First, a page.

An attractive colt from the last crop of champion sire O'Reilly was the subject of spirited bidding on the second day of the New Zealand Bloodstock Weanling, Broodmare and Mixed Bloodstock Sale at Karaka yesterday, eventually falling to the bid of bloodstock agent Dean Hawthorne.
Acting on behalf of Queensland's Aquis Farm, Hawthorne went to $185,000 for the colt, seeing off stiff competition from Rider Horse NZ.
Presented by Hallmark Stud, the colt is out of the Volksraad mare Mexican Rose, a star two and three-year-old filly in Singapore.
"He's been purchased on behalf of Aquis Farm," Hawthorne said.
"Kacy Fogden, the racehorse and sales manager for Aquis, came over and she selected him. We both thought he was the best type of colt in the sale by a proven sire and they don't make any more O'Reillys. I think he's a great colt."
Hawthorne was unsure whether the colt would be seen back through a sale in future or join the Aquis racing team.
All told, $5,740,300 was traded. Strong demand saw the median up 175 per cent on last year's sale to $11,000 and the average at $24,119, up 90 per cent on last year's $12,113.
Pinhookers Bruce and Maureen Harvey, of Ascot Farm, in New Zealand and Steve and Ceri Jostlear of Ampulla Lodge, in Victoria, joined forces to secure the second highest priced weanling.
The quartet purchased lot 284, a colt by Tavistock from the Thorn Park mare Once More, for $180,000.
"We rated him one of the nicest horses in the sale," Steve Jostlear said. "He was a little bit immature, but we will give him the time and the proper preparation and I think he'll be a nice yearling."
Jostlear indicated the colt is likely to be presented for re-sale as a yearling at the Melbourne Premier Sale.
"We'll try and get him in the blue-riband session there. He has a great temperament, a great walk and he's a Tavistock and there aren't too many of them at the Melbourne Sales," he said.
The Ascot Farm/Ampulla Lodge partnership also secured a Reliable Man colt for $75,000 and a Tavistock filly for $65,000 on Monday.
The transtasman partners have been friends for several years and their combined skills saw a $500,000 profit netted from a pinhooked Exceed And Excel colt at the Gold Coast earlier this year.
"For years we used to butt heads at sales," Bruce Harvey said. "We'd buy a horse or underbid on one and we'd walk around the corner and it would be them again.
"So we just got chatting and got to know them and became very close friends.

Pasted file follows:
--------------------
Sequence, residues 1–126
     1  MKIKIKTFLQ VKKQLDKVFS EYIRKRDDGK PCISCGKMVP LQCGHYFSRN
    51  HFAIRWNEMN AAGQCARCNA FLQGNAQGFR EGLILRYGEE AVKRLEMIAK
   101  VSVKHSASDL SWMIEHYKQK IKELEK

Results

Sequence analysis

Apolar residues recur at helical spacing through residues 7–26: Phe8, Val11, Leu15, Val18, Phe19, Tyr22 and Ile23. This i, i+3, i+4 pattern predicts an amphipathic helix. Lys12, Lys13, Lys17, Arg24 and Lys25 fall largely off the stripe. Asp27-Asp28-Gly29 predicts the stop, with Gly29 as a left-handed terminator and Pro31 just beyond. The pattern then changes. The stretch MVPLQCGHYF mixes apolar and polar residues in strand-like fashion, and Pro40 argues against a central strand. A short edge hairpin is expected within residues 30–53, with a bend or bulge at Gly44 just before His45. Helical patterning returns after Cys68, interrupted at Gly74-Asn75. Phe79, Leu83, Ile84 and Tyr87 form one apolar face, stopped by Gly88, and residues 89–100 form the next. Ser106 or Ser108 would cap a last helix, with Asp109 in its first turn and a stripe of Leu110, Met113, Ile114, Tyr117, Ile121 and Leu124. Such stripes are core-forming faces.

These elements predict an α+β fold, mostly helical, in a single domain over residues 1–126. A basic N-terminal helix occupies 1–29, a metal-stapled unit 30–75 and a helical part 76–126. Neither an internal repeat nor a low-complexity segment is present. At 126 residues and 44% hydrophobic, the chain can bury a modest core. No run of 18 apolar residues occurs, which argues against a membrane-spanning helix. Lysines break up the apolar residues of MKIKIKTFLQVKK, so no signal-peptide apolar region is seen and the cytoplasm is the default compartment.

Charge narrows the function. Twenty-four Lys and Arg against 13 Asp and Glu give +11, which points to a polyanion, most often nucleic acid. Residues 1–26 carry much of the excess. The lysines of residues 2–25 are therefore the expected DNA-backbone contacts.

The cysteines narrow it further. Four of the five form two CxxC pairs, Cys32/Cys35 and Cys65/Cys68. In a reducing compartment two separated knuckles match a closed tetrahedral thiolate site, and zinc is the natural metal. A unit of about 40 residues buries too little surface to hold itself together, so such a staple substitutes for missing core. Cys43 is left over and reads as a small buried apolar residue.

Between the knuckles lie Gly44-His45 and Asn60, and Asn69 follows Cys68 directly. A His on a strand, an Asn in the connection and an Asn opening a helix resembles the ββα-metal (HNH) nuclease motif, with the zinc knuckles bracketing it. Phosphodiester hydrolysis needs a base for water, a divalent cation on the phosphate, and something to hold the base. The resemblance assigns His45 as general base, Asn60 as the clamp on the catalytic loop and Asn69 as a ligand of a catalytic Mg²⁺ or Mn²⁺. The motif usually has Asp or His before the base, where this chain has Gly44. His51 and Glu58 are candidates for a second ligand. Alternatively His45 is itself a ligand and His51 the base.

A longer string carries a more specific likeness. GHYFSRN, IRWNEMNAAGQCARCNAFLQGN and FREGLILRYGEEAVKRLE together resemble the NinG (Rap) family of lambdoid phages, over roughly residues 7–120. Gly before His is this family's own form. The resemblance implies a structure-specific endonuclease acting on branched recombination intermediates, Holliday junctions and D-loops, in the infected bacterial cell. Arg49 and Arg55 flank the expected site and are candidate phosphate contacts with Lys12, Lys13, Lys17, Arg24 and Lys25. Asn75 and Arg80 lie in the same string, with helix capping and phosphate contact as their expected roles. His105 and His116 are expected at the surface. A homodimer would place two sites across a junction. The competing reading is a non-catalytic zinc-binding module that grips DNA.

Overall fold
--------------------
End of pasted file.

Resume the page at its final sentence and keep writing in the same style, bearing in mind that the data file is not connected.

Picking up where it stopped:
"We decided to join forces on some and it worked really well," Harvey said.
A Cape Blanco half-sister to triple group one winner Turn Me Loose was the highest priced filly.
Signed for by New Zealand Bloodstock as agent, the scopey filly fetched $150,000 and is likely to make her way to the stable of Murray Baker and Andrew Forsman.
Sold by Mana Park's George and Maryanne Simon, the vendors were delighted with the outcome.
"We we're really rapt with the result. We had a realistic figure of $80,000-$100,000, so to get $150,000 has exceeded our expectations," Maryanne Simon said.
Top pigeon racer has high hopes for colt
A world-renown pigeon racer blazed his way into thoroughbred ownership at Karaka yesterday.
Chengke Sun is one of China's most successful pigeon racers, however a $100,000 outlay for a Tavistock weanling colt was his first foray into thoroughbred investment.
The Shandong province native, who is enjoying his first visit to New Zealand as guest of the Rider Horse group, purchased lot 222, a weanling colt by the sire-of-the-moment Tavistock out of Keeper mare Keeper On, for from the draft of Curraghmore.
Sun indicated the latest edition to his racing team was likely to remain in New Zealand to race.
Sun is ranked in the top 20 pigeon racers in China, one of the fastest growing sports in the country.
And the similarities with horse racing don't end there. Pigeon racing is serious business with bird pedigrees and race records laid out in catalogues for auction. In fact, Sun's $100,000 investment at Karaka could be considered small given he has previously paid $400,000 for a single pigeon.
"I am here for the week and really enjoying my time here," Sun said through an interpreter.
"I love my pigeon racing and think I could find the same love for horse racing. I hope this horse could be my next high-flyer."
- NZ Racing Desk